Sunday, February 28, 2016

"I feel your pain." UN Pension Board Chair letter to UN Staff Unions: CCISUA, FICSA and UNISERV's call to "move out of your state of denial."

“I feel your pain.” Pension Board Chair response to CCISUA/FICSA/and UNISERV joint letter.

While UN retirees and survivors suffer through delays of a minimum of six months (and some for years according to the UN Staff Union President) to receive their pension benefits, the Fund CEO has ignored calls from the UN Staff Federations for additional staff and resources to address the large backlog caused by a lack of management to properly address  IT transitions and staff cuts in the Fund and across the board in the UN, related to UMOJA. 

Instead, notes the current petition to the UN Secretary-General calling for the Fund CEO to be replaced, his efforts are directed to lobbying against charges of mismanagement and for ‘flexibilities’ in a revised MOU that were to allow him to bypass UN rules for recruitment, promotion, retention, and mobility, carrying risks for the current system of checks and balances. Fortunately, USG for Management Takasu put Mr. Arvizu's hopes for a revised MOU on ice on 10 July 2015 and hopefully, there it will remain.

In the meantime, as the backlog pile creeps toward the ceiling in the Fund and the suffering among UN retirees and survivors increases, the joint letter of 18 February 2016 from CCISUA, FICSA and UNISERV addressed to the UN Secretary-General and other Executive Heads of the UN Common System Organizations, and to the Pension Board Chair, calling for the Fund and Board leadership to to “step out of [their] state of denial” and take “resolute action” to address the dire situation, met with a stonewalling response from the Board Chair, Mr. Olusoji Adeniyi, dated 26 February 2016 (both letters are posted on the UN Pension Blog and on this FB page):

“Hello. Thank you for your letter. I value your input. I bet you didn't know that I’m both the “current Chairman of the Pension Board, as well as representative of the Participants’ Group”. That’s you! So I’m your representative two times over. And all of this is very personal to me. I’m the Chair, but I’m a Participant too. I represent my interests as well as yours. So believe me, I’m pulling out all the stops for ME, and YOU. I know what you want, because it’s what I want. And we already have everything we want. But you don't seem to know it. So since you  ask (sigh), let’s go over it together. Now, listen up.  I don't want to have to tell you again. 

Of course there are “unfortunate hardships” for retirees and survivors waiting for months (years, too, Mr. Chairman!) for their pension payments. What can you, or they, expect? We’ve had “teething issues” caused by UMOJA messing up our IPAS. We have way more participants and beneficaries and no additional resources. Yet, look at us: we’re “up to speed” and “exceeding previous processing rates.” We’re doing “intensified” training, we have a “temporary task force” working on the backlog, we’re recruiting new staff and (you’re going to love this!) we’re working on a self-service IPAS feature. (Wonderful: For pension payment, “press 1”; please pass your UN ID  card under the scanner.  Please enter your pin. Please enter your entire UN employment history. Sorry, your time has expired. Please try again. Please wait while we process your request. Please take your check. Sorry no check today. Come back in June -- or maybe July, or next year.  Please take a tissue. Please dry your eyes. Please withdraw your UN ID card. Please place your UN ID card in the bag. Please take the bag. Thank you. Goodbye.”)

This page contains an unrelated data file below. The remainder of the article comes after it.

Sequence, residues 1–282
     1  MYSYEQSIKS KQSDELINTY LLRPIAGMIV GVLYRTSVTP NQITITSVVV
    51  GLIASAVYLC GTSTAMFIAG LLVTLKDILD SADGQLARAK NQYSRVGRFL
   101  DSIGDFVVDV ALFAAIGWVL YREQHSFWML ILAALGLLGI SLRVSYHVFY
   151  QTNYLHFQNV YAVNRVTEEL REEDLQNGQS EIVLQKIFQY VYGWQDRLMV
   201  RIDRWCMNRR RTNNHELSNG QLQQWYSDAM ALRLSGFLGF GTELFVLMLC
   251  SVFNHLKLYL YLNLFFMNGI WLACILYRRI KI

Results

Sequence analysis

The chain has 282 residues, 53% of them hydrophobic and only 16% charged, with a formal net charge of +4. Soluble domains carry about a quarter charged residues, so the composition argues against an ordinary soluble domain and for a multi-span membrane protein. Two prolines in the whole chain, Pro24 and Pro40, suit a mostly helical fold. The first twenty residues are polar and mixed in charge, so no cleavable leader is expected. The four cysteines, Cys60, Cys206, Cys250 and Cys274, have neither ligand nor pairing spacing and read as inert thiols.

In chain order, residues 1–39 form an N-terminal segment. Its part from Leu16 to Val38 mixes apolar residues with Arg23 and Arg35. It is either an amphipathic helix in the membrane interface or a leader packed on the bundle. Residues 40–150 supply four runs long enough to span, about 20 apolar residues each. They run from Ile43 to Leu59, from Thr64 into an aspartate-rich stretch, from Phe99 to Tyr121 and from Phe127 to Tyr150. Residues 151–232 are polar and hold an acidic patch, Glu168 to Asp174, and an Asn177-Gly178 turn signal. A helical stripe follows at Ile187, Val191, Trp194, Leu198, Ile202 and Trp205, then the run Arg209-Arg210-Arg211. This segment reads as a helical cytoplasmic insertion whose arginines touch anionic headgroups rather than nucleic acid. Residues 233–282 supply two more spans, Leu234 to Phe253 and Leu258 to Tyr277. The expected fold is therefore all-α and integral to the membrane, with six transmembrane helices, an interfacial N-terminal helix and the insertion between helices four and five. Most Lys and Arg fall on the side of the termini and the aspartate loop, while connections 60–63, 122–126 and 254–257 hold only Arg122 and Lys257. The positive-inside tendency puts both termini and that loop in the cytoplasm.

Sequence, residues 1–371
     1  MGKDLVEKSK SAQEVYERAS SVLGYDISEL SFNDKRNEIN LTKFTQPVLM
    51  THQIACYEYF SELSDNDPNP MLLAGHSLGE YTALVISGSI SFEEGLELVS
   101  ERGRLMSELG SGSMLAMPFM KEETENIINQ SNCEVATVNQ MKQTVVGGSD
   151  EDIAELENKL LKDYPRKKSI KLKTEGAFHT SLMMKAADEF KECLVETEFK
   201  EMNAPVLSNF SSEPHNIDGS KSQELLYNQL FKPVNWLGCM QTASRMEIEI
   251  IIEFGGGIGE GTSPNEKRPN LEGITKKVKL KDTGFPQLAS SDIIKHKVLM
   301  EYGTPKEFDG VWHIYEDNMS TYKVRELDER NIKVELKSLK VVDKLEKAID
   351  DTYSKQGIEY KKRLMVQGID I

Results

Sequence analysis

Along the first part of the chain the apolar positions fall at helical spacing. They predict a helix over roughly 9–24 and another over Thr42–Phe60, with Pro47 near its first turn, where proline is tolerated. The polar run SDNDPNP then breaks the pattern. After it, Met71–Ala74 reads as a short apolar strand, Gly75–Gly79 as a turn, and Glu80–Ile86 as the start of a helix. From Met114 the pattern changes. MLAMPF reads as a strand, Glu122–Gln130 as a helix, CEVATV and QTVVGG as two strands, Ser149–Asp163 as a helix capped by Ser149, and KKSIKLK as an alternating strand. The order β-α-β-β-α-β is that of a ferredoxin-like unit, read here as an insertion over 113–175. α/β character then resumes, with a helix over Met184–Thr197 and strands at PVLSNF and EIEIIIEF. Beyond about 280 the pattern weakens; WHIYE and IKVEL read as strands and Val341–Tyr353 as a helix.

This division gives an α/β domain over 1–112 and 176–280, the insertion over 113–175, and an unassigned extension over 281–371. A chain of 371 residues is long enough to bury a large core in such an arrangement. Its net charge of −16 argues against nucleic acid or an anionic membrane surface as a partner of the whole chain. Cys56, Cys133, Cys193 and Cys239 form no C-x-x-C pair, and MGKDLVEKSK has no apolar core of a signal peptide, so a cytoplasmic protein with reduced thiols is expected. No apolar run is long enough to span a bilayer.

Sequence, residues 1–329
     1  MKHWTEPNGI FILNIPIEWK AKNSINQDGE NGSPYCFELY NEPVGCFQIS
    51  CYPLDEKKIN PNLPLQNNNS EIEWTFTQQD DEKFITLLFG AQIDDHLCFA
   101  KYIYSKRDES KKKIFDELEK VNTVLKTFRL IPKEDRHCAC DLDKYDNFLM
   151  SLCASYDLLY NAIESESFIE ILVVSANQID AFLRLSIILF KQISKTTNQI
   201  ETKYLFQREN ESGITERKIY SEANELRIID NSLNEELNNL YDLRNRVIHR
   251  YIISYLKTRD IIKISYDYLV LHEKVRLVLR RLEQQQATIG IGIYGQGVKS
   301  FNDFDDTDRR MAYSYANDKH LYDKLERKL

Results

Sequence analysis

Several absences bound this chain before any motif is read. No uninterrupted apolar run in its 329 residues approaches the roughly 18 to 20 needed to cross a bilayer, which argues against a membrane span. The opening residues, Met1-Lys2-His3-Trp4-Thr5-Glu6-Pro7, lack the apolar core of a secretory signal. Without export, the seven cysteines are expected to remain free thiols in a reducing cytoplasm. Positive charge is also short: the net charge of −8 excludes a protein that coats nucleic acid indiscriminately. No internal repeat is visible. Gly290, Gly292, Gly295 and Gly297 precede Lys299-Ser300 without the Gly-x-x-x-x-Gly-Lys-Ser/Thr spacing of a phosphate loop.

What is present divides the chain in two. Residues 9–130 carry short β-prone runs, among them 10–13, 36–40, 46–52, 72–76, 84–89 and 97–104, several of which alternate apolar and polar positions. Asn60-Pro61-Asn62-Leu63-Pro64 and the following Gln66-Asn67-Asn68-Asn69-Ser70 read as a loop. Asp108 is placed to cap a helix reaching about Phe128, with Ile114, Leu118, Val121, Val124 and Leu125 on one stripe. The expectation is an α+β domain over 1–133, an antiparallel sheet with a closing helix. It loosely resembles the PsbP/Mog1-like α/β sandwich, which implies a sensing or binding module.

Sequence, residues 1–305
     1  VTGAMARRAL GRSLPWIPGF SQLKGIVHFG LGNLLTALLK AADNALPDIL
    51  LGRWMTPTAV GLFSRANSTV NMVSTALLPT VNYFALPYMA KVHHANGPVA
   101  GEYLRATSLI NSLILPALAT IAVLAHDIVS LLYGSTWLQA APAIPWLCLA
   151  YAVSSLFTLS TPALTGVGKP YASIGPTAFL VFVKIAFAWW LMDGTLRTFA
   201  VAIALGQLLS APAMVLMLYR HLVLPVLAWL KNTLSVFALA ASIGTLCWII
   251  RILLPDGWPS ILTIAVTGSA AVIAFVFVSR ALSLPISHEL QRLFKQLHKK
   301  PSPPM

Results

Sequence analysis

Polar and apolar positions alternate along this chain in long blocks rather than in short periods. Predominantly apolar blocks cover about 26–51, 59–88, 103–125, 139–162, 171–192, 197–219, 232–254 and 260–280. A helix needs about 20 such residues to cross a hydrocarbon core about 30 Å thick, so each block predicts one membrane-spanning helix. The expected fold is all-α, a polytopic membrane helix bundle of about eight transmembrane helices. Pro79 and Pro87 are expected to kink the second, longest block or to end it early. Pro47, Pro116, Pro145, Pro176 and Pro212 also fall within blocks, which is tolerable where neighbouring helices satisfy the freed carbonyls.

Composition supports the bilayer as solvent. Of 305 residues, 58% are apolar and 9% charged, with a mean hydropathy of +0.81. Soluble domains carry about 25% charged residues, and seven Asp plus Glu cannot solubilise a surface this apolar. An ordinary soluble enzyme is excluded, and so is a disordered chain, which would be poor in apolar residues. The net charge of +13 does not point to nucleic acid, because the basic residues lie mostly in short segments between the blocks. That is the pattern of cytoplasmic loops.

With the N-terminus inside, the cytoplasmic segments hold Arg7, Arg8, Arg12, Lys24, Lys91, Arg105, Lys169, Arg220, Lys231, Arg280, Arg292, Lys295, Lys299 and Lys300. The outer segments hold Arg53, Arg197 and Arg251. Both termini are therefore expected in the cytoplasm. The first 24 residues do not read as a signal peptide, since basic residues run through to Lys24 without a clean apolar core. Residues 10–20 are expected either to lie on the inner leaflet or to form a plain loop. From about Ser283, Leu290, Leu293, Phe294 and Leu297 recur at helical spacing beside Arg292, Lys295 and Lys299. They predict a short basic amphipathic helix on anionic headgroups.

Oh, you know, of course, that the real cause of the backlog is “structural”.  Why do you look surprised? Yes, “structural” delays caused by missions and organizations’ late submissions of separation documentation and payment instructions.  See, it's not the Fund's or the Board's fault!

And sorry, I feel your pain, and I feel their pain, but pay advances to those who are experiencing delays in their pension payments? Would love to do it. But that would be “counterproductive”; needs time to develop and test a new system, not to mention we’d have to “study the legal aspects involved.” That could take years!

An extraordinary meeting of the Board you say? Counterproductive again. What do we need a meeting for? Are you listening? We’re already doing everything you want, which is everything I want. Remember I'm you, you're me. And I told you (open up your ears):  advance payment won’t “produce results we all want.” And anyway, the backlog will be over by June, just in time for the July Board meeting. We’ll all be celebrating by then.   

You know, I really value you staff union guys. Just like I value the “constructive suggestions” coming from FAFICS. Now those people at FAFICS really know “constructive”.  Take a page out of their book and get constructive too.  Tell the HR offices to get their act together. They’re the real problem anyway. And tell staff approaching retirement to do their homework and improve their “knowledge gap” about separation. That’s your real job. Now, please take your card. Please place your card in the bag. Thank you. Goodbye.”

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